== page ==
Egypt’s leaders are not the only ones to blame. When Morsy was sent packing, Western governments not only tolerated the overthrow of a democratically elected government, they accepted his detention. In order to avoid having to cancel the $1,3 billion of aid that the US sends to Egypt every year, President Obama even avoided describing Gen Al Sisi’s action as a coup. Of course, Western leaders will argue that there was not much they could have done. The Morsy government had undermined its own credibility and the hundreds of thousands of protesters who took to the streets to demand change had brought the country to a standstill.

President Obama did not encourage the coup, and once it had occurred his options were limited. Had the US turned its back on its military allies in Egypt, the long-term security of Israel could have been undermined. But it is important to realise that by effectively endorsing a military takeover, Western governments broke their own rules. They established relations with a regime that came to power through a coup, and in the process undermined the emerging norm that governments that rise to power through unconstitutional means should be internationally isolated. Their failure to defend the position of a democratically elected leader also signaled to the interim military government that the international community was prepared to tolerate democratic backsliding. In doing so, foreign governments unwittingly played a part in the collapse of Egyptian democracy. Even now, President Obama is pulling his punches. Although he has suspended US-Egypt military exercises and “strongly condemned” the violence, he has not cut off American financial support. Mixed messages like these are unlikely to persuade the regime to moderate its stance and make a swift return to democracy.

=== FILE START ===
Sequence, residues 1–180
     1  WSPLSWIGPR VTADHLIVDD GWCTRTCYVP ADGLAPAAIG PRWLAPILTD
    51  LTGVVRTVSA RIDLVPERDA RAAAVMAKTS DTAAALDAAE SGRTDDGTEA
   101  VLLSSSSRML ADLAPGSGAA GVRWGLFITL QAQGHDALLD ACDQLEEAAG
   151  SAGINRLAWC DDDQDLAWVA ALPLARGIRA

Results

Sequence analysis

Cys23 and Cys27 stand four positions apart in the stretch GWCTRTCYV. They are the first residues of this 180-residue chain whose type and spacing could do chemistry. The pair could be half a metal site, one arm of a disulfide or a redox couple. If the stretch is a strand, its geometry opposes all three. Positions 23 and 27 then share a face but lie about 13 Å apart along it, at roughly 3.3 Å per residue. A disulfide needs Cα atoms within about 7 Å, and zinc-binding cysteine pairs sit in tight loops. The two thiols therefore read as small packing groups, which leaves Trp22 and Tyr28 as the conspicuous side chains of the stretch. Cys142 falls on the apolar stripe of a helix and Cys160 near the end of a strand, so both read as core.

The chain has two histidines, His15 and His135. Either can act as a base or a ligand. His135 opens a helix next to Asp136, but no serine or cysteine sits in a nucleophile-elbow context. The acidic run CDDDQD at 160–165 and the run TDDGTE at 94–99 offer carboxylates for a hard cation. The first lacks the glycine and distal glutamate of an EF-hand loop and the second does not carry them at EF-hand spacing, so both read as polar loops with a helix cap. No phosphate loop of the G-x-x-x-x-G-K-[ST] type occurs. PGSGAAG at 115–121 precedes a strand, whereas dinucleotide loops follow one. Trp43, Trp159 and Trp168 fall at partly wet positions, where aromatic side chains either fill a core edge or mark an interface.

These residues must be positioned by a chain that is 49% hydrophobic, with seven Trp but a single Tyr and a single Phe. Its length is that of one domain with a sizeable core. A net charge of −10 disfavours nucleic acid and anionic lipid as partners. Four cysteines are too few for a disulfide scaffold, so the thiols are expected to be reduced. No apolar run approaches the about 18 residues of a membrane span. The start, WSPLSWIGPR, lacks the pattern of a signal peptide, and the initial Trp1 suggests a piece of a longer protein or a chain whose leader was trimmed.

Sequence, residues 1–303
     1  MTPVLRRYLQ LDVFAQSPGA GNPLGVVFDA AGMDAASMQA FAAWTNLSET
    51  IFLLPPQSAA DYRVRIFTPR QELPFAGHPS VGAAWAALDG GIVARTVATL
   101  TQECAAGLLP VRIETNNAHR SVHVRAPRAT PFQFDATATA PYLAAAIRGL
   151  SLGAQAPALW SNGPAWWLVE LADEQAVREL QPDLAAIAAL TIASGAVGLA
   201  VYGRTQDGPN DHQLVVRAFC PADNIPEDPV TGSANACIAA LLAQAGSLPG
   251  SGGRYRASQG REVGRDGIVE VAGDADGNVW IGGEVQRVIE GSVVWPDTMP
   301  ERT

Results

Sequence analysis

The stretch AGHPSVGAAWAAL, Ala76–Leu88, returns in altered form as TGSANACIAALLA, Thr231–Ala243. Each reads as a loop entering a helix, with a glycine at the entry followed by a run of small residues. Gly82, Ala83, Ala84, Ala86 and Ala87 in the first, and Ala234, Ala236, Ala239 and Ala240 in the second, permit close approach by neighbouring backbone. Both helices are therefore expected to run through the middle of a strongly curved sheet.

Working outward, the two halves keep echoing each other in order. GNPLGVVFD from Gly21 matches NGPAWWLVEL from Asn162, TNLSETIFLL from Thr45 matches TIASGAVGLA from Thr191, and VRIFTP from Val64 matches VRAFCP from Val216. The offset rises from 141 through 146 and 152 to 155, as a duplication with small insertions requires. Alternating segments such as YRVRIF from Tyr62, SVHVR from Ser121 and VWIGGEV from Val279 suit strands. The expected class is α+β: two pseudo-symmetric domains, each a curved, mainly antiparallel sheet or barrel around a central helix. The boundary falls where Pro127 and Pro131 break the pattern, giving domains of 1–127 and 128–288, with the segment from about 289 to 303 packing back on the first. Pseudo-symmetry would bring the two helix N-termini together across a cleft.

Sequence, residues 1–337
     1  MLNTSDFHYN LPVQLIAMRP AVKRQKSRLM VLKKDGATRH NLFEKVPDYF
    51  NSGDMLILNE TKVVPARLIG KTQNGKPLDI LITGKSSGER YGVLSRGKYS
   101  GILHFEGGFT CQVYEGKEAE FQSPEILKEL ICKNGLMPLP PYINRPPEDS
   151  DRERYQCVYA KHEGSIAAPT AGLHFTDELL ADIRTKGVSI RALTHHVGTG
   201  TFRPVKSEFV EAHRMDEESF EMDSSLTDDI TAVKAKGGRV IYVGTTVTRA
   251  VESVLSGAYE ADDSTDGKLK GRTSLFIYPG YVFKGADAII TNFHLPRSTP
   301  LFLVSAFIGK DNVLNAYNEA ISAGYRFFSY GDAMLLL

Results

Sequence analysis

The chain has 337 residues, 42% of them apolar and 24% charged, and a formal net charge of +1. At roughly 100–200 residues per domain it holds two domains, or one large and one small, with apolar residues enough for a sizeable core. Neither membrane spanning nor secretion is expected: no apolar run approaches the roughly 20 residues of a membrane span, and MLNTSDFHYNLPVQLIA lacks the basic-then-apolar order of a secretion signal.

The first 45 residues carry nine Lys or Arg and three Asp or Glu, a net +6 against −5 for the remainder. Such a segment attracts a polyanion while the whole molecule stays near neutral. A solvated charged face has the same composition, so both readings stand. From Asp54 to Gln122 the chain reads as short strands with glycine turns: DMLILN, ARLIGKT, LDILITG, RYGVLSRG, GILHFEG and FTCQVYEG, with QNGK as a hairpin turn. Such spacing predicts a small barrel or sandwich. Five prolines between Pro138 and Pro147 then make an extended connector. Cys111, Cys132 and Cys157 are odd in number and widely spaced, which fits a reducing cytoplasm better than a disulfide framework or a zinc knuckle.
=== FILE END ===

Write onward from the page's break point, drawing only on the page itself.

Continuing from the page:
The warning for Kenya and other countries attempting to make the transition to democracy is clear: Building democracy is not just about what happens at elections; it is about all the little steps in between. Everyone breathed a sigh of relief when the 2013 elections passed without serious incident, but that success will mean little if the new government does not rule in an inclusive way and make progress in the fight against corruption. For their part, donors who help to fund the government and projects in health and education also need to maintain pressure for further democratic consolidation. If leaders and others fail to stand up for democratic principles when other priorities seem to be more important, there will be nothing left to safeguard democracy when it is most under threat.

This column originally appeared in the Daily Nation on 16th August 2013.

The Daily Nation is the largest newspaper in East Africa with a daily circulation of around 205,000.